The Magnificent Seven – Film Review

The greatest moments of “The Magnificent Seven” aren’t the scenes where all the magnificent’s are sitting around, talking about their magnificent adventures. Movies should show, not tell, and I agree. But if you aren’t willing to show a characters journey, their past, their present state in the world, then you’ve got to try to tell us a little bit about them.

Cowboys talk in gravely, deep-voiced mumbles, I understand. But not all of them. Josh Faraday, the alcoholic magician played by Chris Pratt (or is it just Chris Pratt played by Chris Pratt?), has a lot to say. The quiet one, Chisolm, played by Denzel Washington, talks and acts as if he were living in an entirely different cinematic universe, a slow-burn, darkly-lit drama photographed by Roger Deakins.

the-magnificent-seven-header-2-700x300

Luckily for Chisolm, he isn’t required to interact a whole lot with this ensemble, other than the obligatory assembling and introductions of the squad. We’ve got 7 here? One, two, three…I count six. Never mind, the seventh is standing over there, as Pratt’s character says in the beginning of the film, “Oh, good, we’ve got a Mexican!”

On-screen diversity is a hot topic in Hollywood and they’ve responded, if not in any dramatic way. They’re learning that people don’t just want diverse characters, they want actual characters. You know, a person with a motive other than revenge or a skill unrelated to their culture.

leebyunghun_091216_02

The Chinese cowboy, Billy Rocks, played by Lee Byung-hun, is very skilled at throwing all sorts of sharp, metallic weapons, even his own hair-pin. It’s typical to cast a Chinese man as the prototypical knife-thrower (with a twist, albeit), but at least his stereotype isn’t dull. Billy actually rocks. He’s a quiet character but arguably the most entertaining of them all.

The second most engaging character arc would have to be Ethan Hawke as Goodnight Robicheaux, a PTSD-ridden sharpshooter who uses Billy as a circus entertainer for the locals, splitting the dividends between them. Their relationship seems very complex: Billy feels bad for Goodnight’s war-torn suffering, while Goodnight takes advantage of a foreign mans abilities for his own gain.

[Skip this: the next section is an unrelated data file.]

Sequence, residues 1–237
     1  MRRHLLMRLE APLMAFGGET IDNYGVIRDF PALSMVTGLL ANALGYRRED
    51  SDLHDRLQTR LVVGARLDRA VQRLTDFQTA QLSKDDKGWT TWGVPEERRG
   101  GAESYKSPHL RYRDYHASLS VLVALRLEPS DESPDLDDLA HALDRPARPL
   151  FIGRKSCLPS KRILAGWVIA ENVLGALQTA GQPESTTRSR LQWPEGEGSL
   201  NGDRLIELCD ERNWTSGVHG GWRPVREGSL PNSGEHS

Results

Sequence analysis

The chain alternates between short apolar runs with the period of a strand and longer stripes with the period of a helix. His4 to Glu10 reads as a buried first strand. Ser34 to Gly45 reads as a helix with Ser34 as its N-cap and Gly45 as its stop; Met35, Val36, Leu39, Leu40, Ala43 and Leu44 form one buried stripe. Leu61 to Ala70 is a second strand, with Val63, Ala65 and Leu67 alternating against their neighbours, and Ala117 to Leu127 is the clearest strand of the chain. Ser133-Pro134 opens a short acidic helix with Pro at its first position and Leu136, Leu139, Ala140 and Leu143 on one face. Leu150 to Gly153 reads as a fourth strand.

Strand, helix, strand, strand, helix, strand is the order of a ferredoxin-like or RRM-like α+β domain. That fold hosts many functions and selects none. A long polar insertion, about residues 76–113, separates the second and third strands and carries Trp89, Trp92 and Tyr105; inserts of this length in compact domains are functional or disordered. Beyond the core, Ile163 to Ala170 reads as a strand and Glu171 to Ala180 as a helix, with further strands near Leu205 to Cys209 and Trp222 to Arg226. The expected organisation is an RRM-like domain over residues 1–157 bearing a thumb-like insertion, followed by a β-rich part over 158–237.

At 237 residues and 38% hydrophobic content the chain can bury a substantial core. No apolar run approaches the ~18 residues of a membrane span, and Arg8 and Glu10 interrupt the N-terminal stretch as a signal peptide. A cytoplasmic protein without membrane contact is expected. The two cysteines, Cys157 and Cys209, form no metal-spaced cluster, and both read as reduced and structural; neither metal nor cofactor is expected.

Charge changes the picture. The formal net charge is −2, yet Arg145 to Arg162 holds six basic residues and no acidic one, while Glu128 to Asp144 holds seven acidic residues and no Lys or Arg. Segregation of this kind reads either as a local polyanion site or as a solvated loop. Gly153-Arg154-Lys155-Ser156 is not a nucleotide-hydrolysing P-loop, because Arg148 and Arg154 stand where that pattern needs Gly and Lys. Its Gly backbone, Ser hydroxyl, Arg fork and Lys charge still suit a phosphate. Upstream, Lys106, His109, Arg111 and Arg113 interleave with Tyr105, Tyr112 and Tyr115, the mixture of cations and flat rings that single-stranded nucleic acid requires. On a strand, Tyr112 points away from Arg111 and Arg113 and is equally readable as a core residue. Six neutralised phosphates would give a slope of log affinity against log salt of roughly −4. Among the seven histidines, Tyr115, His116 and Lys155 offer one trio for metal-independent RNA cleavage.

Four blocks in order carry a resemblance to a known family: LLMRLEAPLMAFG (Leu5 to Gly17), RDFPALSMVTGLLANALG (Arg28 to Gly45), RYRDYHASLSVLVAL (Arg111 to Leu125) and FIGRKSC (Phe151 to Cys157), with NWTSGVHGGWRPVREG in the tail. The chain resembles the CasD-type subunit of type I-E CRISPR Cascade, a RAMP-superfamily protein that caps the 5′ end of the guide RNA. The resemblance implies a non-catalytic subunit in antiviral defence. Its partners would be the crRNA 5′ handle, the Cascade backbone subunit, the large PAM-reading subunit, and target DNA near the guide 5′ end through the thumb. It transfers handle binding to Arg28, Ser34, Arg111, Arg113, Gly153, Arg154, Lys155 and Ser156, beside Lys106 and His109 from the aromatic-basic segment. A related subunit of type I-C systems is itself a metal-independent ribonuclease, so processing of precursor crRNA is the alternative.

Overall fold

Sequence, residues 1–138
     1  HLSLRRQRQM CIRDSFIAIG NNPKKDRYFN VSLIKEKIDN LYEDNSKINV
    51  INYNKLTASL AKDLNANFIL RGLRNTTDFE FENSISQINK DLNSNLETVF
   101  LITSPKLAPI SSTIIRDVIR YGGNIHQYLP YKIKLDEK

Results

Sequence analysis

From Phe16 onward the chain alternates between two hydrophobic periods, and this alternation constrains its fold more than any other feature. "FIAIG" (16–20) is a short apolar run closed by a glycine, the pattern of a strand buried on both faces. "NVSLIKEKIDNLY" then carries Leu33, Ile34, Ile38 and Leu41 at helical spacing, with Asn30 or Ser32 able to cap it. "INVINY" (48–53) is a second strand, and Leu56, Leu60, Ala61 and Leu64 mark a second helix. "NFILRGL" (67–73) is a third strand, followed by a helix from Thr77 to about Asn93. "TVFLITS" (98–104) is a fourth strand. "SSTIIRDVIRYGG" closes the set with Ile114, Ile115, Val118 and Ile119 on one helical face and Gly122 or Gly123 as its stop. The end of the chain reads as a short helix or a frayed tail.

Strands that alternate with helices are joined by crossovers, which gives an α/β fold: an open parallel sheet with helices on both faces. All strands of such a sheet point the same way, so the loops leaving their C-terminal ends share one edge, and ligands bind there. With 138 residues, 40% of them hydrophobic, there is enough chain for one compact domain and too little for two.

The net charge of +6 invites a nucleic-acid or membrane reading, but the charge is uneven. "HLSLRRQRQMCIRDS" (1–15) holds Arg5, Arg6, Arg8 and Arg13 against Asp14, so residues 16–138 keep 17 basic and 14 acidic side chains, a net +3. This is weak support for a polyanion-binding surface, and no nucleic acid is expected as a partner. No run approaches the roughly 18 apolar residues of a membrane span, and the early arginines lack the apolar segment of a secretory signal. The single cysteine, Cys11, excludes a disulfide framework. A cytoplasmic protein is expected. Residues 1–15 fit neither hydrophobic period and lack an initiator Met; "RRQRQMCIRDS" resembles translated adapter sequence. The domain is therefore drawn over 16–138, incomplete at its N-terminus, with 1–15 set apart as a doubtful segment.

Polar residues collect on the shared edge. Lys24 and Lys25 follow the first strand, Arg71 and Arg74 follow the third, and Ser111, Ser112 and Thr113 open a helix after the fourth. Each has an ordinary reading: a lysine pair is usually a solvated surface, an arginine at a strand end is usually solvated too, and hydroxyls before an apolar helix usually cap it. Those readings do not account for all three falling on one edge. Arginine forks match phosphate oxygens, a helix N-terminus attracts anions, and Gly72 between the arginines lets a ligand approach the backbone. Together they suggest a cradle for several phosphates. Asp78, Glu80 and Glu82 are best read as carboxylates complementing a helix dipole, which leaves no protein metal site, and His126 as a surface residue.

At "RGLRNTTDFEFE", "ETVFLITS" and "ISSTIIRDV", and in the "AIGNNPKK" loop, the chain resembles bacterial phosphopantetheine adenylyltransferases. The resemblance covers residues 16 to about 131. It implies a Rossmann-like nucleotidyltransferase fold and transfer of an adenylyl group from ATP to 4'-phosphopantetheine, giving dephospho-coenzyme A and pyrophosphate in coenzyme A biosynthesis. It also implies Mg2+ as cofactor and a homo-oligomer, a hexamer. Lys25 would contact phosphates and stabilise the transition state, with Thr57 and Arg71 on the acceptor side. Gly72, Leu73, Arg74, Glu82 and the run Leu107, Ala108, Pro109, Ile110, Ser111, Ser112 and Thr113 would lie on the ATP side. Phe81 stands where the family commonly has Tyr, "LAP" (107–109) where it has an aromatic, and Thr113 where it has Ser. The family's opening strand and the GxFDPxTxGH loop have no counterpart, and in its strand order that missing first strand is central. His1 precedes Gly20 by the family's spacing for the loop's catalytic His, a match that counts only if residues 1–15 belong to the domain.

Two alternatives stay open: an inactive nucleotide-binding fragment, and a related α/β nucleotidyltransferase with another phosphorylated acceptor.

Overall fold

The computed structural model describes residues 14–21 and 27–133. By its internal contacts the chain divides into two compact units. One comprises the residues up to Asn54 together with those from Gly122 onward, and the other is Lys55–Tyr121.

The film doesn’t come close to replecating the greatness of the original film, or even close to The Seven Samurai, Kurosawa’s original telling of the tale. But beyond the sketchy, loosely-plotted characters, there is a thirty-minute plus action sequence that’s very entertaining. If anything, you can be assured that director Antoine Fuqua hasn’t lost his interest or his touch in direction large scale, dynamite-driven action sequences.

Advertisements

Sucker Punch: To Zach Snyder’s career

4/10

Zac Snyder’s new geek-aimed film, Sucker Punch, first released with the motto that it was “for woman’s rights”. Well, it lost everyone elses in the process, including the girls, through exploitation and depictions of innocent stupidity. However true, it is nowhere near a plus for woman’s rights. The film evokes a feeling of a silent movie, where the prospect of said films sounds riveting, with action progressing through pounding soundtracks in a synthetic, natural linearity. However, this is not the case here; Snyder has tried to copy and paste the feel of a graphic novel onto the screen with terrible dialogue and an uninvolved plot.

The plot surrounds a girl in a psych-unit, who escapes the dreary world through unexplained dreams of epic-fighting and Japanese like dodging. The movie feels like a long music video for a dubstep song, with never ending swirls of noirish imagery and girls’ hips. Blue Jones, played by Oscar Isaac, is a pimp for the backstage girls; he releases his angers through pretensious directing, like wincing with his eyes closed before putting his head up to make his frustrated point. He has a thin-mustache and tries to act seductive, which nastiness would be right for the character, but the actor doesn’t play the role to good effect. The girls are depicted as far too innocent and indecisive; they are in a psyche unit, I would image they would be a little more on the fringe.

As the director of Watchmen, some say he ruined a masterpiece. He no doubt has a knack for wild special effects, but what he does with them is what makes his reputation drown. Sucker Punch stars  Emily Browning as Babydoll, sent to an old fashioned psychiatric unit by her father; the whole institution is filled with prostitutes;the costumer designer definitely makes them look like one, but doesn’t draw the line for who isn’t, maybe everyone; a great thing to look at for a couple hours, no doubt, but once again, Woman’s rights?

The film is redundantly paced and childishly made, featuring Nazi zombies and ninja skirt-wearing ninja girls. The effects become tiring in the noirish swirls of uninspired terror and fear, and even the girl’s pottiness gets tiring,  the actresses effortlessly sad that their director didn’t supply them with a more justified reason to be balling their eyes out. Sucker Punch drags and brings nothing new but an army of red-eyed nazi zombies, a big misfire for effects-director Zac Snyder.